Onora ONeill was born in Northern Ireland in 1941. She was educated in the UK and Germany before going on to study philosophy, psychology and physiology at Oxford University. After graduating she moved to Harvard where she studied under the well known philosopher John Rawls and obtained her PhD. During the 1970s she taught at Columbia University, New York. In 1977 she took up a post at the University of Essex. She became Principal of Newnham College, Cambridge, in l992 and an Honorary Professor in Ethics and Political Philosophy in the Faculty of Philosophy at Cambridge. In 1999 she was made a life peer as Baroness O'Neill of Bengarve.
Baroness O'Neill has had a number of links with Queen's. In 1986 she was one of a number of philosophers invited to take part in a Royal Institute of Philosophy conference at the University. She returned to Queen’s in 1991 to give a paper to the Philosophy department and in July 2003 she gave the Inaugural Address at a very successful Joint Session of the Aristotelian Society and the Mind Association held at the University.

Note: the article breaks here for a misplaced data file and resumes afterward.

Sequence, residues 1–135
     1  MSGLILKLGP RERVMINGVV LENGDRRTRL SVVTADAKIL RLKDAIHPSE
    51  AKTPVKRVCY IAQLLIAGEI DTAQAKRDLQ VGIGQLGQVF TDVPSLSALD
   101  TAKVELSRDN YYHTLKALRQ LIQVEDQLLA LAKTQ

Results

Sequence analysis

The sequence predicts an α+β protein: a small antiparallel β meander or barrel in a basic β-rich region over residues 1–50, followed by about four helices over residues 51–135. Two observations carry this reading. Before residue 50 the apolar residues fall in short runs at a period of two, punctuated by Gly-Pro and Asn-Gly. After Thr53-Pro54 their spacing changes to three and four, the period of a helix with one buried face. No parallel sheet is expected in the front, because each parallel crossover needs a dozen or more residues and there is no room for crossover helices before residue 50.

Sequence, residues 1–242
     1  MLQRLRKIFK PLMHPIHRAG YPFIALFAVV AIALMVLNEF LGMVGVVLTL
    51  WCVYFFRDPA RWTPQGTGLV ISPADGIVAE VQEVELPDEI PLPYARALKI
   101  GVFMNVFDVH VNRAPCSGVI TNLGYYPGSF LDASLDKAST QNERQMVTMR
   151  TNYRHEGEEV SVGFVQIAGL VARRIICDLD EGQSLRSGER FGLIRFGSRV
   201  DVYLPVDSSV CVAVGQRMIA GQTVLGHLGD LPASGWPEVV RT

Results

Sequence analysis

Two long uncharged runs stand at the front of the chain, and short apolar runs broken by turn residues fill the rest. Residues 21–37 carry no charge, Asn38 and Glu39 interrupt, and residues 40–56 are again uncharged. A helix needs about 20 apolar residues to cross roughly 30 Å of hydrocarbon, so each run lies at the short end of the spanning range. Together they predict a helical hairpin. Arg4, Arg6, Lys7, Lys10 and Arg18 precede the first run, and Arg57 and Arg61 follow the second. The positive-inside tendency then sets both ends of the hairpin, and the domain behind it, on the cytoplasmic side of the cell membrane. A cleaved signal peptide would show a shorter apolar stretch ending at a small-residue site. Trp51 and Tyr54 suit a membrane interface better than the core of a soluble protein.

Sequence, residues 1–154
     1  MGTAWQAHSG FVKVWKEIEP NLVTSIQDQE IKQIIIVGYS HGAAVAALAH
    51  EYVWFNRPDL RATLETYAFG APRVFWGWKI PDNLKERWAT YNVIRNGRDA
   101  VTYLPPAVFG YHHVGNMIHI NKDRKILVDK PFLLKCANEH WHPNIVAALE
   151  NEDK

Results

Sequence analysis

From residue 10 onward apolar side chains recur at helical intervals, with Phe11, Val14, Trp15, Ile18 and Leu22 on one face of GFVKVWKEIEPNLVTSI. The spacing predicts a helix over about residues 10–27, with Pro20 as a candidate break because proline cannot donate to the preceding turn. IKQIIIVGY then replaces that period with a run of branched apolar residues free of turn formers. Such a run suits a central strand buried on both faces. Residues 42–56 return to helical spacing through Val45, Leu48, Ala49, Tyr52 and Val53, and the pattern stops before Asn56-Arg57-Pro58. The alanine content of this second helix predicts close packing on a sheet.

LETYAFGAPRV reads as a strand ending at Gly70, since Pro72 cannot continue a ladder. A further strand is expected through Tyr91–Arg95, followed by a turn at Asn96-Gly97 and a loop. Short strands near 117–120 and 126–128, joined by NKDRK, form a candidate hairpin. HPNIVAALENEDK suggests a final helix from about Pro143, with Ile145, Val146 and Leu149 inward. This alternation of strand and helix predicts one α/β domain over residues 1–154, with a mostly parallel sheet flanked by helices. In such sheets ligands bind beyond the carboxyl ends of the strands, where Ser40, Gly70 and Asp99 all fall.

For further information, please contact: Anne Langford, Communications Office, 028 9097 5310.
Professor Sir David King, the Government's Chief Scientific Officer, was today awarded an honorary Doctorate of Science for distinction in science and for public service at Queen's University, Belfast.
The Government's Chief Scientific Officer, Professor Sir David King, who led the committee which tackled the foot and mouth epidemic in 2001, was today honoured by Queen's University.
At this morning's graduation ceremony, Sir David was awarded an honorary Doctorate of Science for distinction in science and for public service.